Yet another new connection has been made regarding the 2016 Democratic National Committee email hack.
On Thursday, McClatchy revealed that one of the men listed in a DNC hack-related dossier compiled by Christopher Steele, a former British spy, may be Sevastyan Kaptsugovich, a twice-convicted Russian pedophile currently imprisoned in Moscow.
It is not yet certain if Kaptsugovich is the same person named in the dossier due to spelling discrepancies — the name in the dossier is “Seva Kapsovich.” However, Kaptsugovich’s history has led officials to believe that he may have been involved. His history apparently “matches that of a computer expert…who’d been “compromised” by the Russian intelligence agency known as the FSB and forced into cooperating in the Russian meddling in the U.S. election.”
McClatchy is questioning whether “Seva Kapsovich” and Sevastyan Kaptsugovich are the same person because, so far, no one has been found with the name “Seva Kapsovich” who matches the description in the dossier. The investigation has also been driven by the fact that the spelling of Kapsovich/Kaptsugovich’s name varies throughout the dossier. When searching for alternate spellings of “Kapsovich,” references to Kaptsugovich came up.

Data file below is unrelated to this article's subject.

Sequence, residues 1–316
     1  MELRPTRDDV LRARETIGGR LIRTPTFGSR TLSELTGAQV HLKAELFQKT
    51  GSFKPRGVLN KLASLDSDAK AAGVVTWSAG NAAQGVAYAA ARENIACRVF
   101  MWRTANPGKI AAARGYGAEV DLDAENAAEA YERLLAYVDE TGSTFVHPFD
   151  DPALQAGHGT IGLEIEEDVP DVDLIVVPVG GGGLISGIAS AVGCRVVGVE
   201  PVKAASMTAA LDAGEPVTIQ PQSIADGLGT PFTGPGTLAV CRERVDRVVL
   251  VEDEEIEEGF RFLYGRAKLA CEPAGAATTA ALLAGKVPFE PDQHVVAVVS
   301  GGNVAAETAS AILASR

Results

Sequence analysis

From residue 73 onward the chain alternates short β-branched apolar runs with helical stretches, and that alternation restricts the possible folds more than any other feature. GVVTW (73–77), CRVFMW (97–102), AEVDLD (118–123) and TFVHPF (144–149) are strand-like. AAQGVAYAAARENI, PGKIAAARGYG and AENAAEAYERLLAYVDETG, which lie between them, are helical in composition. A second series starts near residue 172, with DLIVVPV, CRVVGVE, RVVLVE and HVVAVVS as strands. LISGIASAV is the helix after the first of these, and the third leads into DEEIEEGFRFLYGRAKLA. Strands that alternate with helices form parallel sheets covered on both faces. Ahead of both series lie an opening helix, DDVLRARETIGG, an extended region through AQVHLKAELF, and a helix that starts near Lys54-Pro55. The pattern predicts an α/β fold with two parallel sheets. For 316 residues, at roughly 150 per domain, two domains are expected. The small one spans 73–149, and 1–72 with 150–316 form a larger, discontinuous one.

Kaptsugovich, who is believed to be at least 45 years old, was first arrested on pedophilia charges in Russia in March 2001 and was sentenced to 11 years in prison. He did not serve his full sentence, but was convicted again in 2013 for similar crimes and sentenced to more than 18 years in a penal colony.
Steele’s dossier suggests that Kaptsugovich was forced to cooperate with the FSB, perhaps using methods similar to those he used to publish child pornography on the internet. The dossier says that hackers used “botnets and porn traffic to transmit (computer) viruses, plant bugs, steal data and conduct ‘altering operations’ against the Democratic Party leadership.”
It’s likely that, with his background, Kaptsugovich would have been able to help carry out the DNC hack.McClatchy questioned Pavel Vrublevsky, a Russia internet pioneer, about whether or not Kaptsugovich could have been involved. Vrublevsky merely commented:
‘The truth is hidden in the shadows.’
It’s all speculation at this point, it seems. McClatchy has suggested, though, that it is not completely outlandish to believe that a Russian spy agency would have found a way to work with Kaptsugovich “given the FSB’s well-documented tolerance and even embrace of criminal organizations.”